Israel’s high court suspended the administrative detention order on Muhammad Allan, who maintained a hunger strike for more than two months in protest of his imprisonment without charge or trial since last November.
The Arabic-language Quds news site reported that Allan ended his strike after the court’s suspension of the detention order.
The court’s decision came after an MRI showed that Allan had suffered brain damage as a result of his protest. Allan had refused to take anything but water during his strike, insisting on either freedom or death.
The court ordered that Allan, a lawyer from the Nablus area of the occupied West Bank, must remain in intensive care and under observation for the time being. News reports suggested that the court may decide in coming days whether to fully lift the detention order on Allan.
“Israel’s high court had said earlier that if the hunger striker’s brain damage is irreversible then it is likely the administrative order will be completely revoked,” Agence France-Presse reported.
Allan will be able to receive visitors at the Barzilai Medical Center in the south of present-day Israel, where he has been held for more than a week, “as a patient, rather than as a detainee, in accordance with regular hospital orders,” according to the Israeli newspaper Haaretz.
The high court was petitioned to release Allan given his grave medical condition. A hearing on Monday was postponed until Wednesday so the court could review his medical files.
Allan had gained consciousness on Tuesday after falling into a coma four days earlier and immediately pledged to renew his strike.
But Allan’s cognitive function deteriorated Wednesday morning, and he had become confused and his thinking incoherent, according to Haaretz.
Barzilai hospital director Hezi Levi said that it was not yet clear if the damage is reversible.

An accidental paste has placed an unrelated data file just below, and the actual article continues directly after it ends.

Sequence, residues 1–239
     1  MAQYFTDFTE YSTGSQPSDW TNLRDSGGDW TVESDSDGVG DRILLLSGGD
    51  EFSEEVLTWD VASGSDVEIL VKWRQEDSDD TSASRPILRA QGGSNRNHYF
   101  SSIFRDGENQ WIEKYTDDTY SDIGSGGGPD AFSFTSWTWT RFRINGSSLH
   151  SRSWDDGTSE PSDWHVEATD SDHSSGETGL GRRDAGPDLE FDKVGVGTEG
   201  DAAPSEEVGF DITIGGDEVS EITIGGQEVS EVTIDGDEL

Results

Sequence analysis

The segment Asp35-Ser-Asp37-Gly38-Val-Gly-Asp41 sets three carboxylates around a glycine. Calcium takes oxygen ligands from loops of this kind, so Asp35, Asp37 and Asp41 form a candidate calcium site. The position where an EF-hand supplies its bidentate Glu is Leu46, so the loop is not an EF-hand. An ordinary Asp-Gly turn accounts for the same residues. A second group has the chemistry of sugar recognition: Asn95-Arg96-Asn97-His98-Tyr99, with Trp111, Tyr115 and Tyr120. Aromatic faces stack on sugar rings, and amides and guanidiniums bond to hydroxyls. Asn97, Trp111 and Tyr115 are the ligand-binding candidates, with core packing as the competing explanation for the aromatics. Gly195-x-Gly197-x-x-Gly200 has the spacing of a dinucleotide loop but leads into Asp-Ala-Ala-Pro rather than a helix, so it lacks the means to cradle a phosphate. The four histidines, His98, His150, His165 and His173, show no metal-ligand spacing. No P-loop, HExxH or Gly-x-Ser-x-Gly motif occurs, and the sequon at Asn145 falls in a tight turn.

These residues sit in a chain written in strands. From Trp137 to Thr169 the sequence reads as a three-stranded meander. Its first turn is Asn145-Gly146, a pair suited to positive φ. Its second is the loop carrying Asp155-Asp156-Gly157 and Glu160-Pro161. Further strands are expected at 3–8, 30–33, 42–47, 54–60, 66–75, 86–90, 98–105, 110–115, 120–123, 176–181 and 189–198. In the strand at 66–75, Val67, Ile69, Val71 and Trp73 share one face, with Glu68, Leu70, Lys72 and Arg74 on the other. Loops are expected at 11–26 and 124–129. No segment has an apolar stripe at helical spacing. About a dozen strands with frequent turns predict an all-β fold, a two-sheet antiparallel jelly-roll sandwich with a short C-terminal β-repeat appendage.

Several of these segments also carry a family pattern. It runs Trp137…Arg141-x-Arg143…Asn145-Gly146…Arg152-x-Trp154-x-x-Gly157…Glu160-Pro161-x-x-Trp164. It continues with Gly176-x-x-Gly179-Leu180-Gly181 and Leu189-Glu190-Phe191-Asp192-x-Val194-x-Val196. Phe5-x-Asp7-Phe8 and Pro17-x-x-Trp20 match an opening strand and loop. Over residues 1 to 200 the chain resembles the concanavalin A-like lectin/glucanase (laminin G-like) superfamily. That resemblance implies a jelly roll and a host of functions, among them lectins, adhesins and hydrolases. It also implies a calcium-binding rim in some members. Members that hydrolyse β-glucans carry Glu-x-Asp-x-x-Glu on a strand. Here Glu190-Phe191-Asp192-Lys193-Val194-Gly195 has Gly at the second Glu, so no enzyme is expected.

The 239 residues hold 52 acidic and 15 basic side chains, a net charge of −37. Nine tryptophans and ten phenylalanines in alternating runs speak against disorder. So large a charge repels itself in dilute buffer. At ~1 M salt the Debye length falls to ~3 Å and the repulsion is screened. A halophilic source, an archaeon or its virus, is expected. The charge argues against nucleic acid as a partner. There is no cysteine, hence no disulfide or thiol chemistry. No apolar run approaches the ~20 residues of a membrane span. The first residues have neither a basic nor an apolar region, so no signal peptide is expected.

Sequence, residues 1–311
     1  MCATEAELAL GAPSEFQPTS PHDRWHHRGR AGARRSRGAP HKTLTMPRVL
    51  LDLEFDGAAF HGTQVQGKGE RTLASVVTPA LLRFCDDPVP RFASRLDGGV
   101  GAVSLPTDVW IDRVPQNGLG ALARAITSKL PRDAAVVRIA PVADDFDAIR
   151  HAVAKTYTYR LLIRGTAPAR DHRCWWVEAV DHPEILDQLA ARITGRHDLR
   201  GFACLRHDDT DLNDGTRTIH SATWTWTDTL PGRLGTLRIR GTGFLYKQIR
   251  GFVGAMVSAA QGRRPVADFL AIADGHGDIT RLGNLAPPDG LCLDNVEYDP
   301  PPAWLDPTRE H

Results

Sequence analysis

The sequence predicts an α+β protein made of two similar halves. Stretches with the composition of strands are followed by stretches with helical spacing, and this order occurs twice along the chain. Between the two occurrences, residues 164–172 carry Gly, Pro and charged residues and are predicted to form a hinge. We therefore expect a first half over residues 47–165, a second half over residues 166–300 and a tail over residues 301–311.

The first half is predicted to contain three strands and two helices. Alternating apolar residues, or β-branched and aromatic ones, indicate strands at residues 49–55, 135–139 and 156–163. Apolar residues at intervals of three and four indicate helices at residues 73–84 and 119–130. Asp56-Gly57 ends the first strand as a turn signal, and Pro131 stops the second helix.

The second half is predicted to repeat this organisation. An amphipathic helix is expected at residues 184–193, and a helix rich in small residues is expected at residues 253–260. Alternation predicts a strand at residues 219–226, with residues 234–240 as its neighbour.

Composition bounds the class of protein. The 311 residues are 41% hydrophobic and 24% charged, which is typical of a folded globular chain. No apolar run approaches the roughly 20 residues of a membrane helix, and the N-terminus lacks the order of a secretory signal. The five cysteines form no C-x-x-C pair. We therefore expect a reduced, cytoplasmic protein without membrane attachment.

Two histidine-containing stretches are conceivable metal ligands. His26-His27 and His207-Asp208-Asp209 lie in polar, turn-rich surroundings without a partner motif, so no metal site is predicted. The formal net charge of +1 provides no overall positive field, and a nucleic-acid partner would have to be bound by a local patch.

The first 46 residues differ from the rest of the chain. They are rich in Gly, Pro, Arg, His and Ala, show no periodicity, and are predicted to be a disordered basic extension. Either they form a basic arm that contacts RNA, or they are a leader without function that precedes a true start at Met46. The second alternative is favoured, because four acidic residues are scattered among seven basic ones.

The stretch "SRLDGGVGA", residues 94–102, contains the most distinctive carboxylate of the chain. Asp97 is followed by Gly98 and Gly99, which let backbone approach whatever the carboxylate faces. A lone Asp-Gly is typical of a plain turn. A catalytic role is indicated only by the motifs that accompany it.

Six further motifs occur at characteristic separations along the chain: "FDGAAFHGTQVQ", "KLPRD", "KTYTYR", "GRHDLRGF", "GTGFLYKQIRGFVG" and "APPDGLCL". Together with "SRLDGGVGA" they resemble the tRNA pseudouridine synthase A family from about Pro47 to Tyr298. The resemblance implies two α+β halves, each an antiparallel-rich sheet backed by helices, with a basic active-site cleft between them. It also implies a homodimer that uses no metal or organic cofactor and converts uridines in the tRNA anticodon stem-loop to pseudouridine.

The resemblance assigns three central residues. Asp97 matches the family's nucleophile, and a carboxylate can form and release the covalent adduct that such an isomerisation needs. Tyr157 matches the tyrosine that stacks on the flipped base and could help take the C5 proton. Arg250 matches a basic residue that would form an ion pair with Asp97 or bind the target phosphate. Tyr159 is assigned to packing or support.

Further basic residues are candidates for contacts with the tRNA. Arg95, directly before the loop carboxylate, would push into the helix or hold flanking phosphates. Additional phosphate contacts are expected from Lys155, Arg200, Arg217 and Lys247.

Allan was arrested during a dawn raid on his family’s home on 6 November and was held under a six-month administrative detention order issued by a military court on the basis of secret evidence.
The prisoner began his hunger strike on 16 June after his detention order was renewed for another six months.
After he began his strike, the Israeli prison authorities transferred him among several different detention centers and eventually to the intensive care unit in Soroka hospital.
When doctors there stated their refusal to force-feed Allan, he was transferred to nearby Barzilai hospital on 10 August, where he was shackled to his bed and placed under guard.
The Israeli prison administration announced on 7 August that it intended to request a court order to force-feed Allan, but the measure was not used against him.
Allan was placed on life-support on 14 August after he lost consciousness.
Israel’s minister of public security, Gilad Erdan, stated on that same day that he rejected all proposals to release Allan, saying that it “would be a prize for the hunger strike he initiated and may lead to mass hunger strikes among the security detainees, after they discover a new tool with which to extort the State of Israel.”
Palestinians have in recent years won demands after long hunger strikes that grabbed international attention and rejuvenated solidarity with political prisoners.
Israeli extremists attacked Palestinians who had attempted to hold a vigil outside the hospital where Allan was being held on Sunday.
Video also shows them waving Israeli flags and celebrating the slaughter of Palestinian children in Gaza.
At the beginning of July, Israel was holding 5,442 Palestinians, nearly 400 of them under administrative detention. A further 1,000 Palestinians were being held for entering Israel illegally, according to statistics compiled by the Israeli rights group B’Tselem.
The United Nations political affairs chief, Jeffrey Feltman, criticized Israel’s practice of administrative detention on Wednesday and called for all detainees to be promptly charged or released.
He also told the Security Council that Israel’s recent moves to impose up to 20 years imprisonment for throwing stones and to force-feed prisoners worsened an “already precarious human rights situation.”